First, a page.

Section 14-4:  The Effect of Temperature on G and the Spontaneity of Reactions

Section 14-5:  Calculating G° from Standard Gibbs Free Energies of Formation, Gf°

 

 

 

Chapter 15: Equilibrium

 

Section 15-1:  Equilibrium Constant, Kc and Kp, Expressions

Section 15-2:  Equilibrium Calculations and RICE Charts

Section 15-3:  Reaction Quotients, Qc and Qp

Section 15-4:  Heterogeneous Equilibria

Section 15-5:  Le Châtelier’s Principle

Section 15-6:  Converting Between Kc and Kp

Section 15-7:  Relationship Between G° and Equilibrium Constants

 

 

 

Chapter 16: Oxidation-Reduction (Redox) Reactions and Electrochemistry

 

Section 16-1:  Oxidation and Reduction Half-Reactions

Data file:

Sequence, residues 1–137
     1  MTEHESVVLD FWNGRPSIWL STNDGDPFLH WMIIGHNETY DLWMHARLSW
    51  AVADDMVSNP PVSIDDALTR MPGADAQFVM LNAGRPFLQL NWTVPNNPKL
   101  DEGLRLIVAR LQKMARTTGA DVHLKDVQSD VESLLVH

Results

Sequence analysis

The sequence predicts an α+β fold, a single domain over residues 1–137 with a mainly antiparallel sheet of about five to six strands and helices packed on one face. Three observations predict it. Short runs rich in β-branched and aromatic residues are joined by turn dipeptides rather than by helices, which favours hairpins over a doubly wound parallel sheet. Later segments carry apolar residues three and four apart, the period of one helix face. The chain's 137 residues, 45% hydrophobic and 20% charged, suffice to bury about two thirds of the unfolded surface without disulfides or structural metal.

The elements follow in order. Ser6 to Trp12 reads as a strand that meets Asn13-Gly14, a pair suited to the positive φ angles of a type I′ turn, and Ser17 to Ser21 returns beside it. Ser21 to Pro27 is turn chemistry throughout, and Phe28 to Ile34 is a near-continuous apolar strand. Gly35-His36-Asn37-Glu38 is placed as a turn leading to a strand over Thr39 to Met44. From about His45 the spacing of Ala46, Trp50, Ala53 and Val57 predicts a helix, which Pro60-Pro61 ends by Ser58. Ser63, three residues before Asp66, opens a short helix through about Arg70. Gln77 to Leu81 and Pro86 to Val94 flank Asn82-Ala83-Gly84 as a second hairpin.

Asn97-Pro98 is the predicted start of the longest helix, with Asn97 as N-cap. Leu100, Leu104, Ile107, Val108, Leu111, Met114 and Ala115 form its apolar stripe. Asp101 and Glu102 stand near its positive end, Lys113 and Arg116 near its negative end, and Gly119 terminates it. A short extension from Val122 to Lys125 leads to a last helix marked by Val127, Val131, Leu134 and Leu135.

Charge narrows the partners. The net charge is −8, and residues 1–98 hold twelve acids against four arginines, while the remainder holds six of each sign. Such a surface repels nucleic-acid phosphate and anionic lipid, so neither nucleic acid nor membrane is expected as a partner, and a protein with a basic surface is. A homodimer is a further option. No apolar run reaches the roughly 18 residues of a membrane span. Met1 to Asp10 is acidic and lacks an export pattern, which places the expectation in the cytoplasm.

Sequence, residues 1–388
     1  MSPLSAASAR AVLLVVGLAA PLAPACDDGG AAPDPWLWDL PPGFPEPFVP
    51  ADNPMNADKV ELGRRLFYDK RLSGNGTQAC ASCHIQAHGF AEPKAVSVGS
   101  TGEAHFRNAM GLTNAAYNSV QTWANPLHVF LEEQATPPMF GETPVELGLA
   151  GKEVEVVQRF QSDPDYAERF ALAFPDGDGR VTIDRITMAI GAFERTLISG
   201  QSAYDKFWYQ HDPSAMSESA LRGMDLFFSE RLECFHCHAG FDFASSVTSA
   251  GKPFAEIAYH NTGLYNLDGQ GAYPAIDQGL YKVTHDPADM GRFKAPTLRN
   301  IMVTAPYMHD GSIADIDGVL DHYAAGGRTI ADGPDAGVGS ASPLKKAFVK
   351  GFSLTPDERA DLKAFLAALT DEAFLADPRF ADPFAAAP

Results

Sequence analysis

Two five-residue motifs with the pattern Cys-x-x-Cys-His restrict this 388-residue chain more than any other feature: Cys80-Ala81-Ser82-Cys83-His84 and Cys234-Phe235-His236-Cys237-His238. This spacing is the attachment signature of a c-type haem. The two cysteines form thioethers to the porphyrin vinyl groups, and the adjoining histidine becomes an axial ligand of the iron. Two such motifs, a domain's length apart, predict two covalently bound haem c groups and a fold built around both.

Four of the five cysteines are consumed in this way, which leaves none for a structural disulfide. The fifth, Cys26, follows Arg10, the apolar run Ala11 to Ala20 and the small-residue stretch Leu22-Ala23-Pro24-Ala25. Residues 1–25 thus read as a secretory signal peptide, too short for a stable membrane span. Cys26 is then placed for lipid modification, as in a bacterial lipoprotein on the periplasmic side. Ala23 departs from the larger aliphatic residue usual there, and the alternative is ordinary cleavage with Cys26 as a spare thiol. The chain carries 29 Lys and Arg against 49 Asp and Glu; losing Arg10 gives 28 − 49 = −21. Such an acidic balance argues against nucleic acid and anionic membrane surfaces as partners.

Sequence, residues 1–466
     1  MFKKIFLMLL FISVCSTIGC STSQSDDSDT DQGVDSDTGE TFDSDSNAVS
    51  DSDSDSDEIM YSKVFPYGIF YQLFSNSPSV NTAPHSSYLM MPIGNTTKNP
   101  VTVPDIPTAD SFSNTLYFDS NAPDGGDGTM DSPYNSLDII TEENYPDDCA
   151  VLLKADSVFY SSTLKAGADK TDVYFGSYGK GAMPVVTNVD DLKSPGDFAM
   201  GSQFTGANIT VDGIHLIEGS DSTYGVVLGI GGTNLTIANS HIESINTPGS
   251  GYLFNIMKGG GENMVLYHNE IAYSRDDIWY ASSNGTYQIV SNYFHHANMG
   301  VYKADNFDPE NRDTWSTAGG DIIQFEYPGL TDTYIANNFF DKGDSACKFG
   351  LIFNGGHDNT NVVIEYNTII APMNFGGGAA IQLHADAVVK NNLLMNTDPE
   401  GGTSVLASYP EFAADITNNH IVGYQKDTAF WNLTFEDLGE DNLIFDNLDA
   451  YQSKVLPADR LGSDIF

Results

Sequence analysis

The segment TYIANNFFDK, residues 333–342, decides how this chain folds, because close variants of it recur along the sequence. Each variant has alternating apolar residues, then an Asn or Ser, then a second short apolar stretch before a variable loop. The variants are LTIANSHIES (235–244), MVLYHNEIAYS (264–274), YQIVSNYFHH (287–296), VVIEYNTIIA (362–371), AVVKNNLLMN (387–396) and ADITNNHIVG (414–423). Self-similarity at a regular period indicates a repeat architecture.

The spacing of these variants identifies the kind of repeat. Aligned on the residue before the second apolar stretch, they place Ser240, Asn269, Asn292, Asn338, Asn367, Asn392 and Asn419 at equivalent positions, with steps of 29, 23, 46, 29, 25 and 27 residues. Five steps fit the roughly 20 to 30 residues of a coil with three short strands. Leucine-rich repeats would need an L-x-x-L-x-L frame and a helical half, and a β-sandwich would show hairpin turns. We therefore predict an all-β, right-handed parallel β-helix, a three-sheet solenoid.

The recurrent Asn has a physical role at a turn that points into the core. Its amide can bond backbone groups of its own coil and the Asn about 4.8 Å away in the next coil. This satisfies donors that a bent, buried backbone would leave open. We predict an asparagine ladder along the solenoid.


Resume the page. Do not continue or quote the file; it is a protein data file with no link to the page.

Section 16-2:  Using Oxidation Numbers to Identify Oxidizing and Reducing Agents

Section 16-3:  Balancing Redox Reactions in Aqueous Acidic Solutions

Section 16-4:  Using a Standard Reduction Potentials Table to Compare Strengths of Oxidizing and Reducing Agents

Section 16-5:  Calculating E°cell and G° to Determine Spontaneity of Redox  Reactions

Section 16-6:  Redox Reactions of Metals, Acids, and Halogens

Section 16-7:  Experiment – Constructing a Galvanic Cell

Section 16-8:  Nonspontaneous Redox Reactions and Electrolysis

 

 

 

Chapter 17: Acids and Bases

 

Section 17-1:  Arrhenius Theory, pH, and pOH

Section 17-2:  Monoprotic Strong Acids and Strong Bases

Section 17-3:  Monoprotic Weak Acids

Section 17-4:  Polyprotic Weak Acids and Sulfuric Acid

Section 17-5:  Bronsted Theory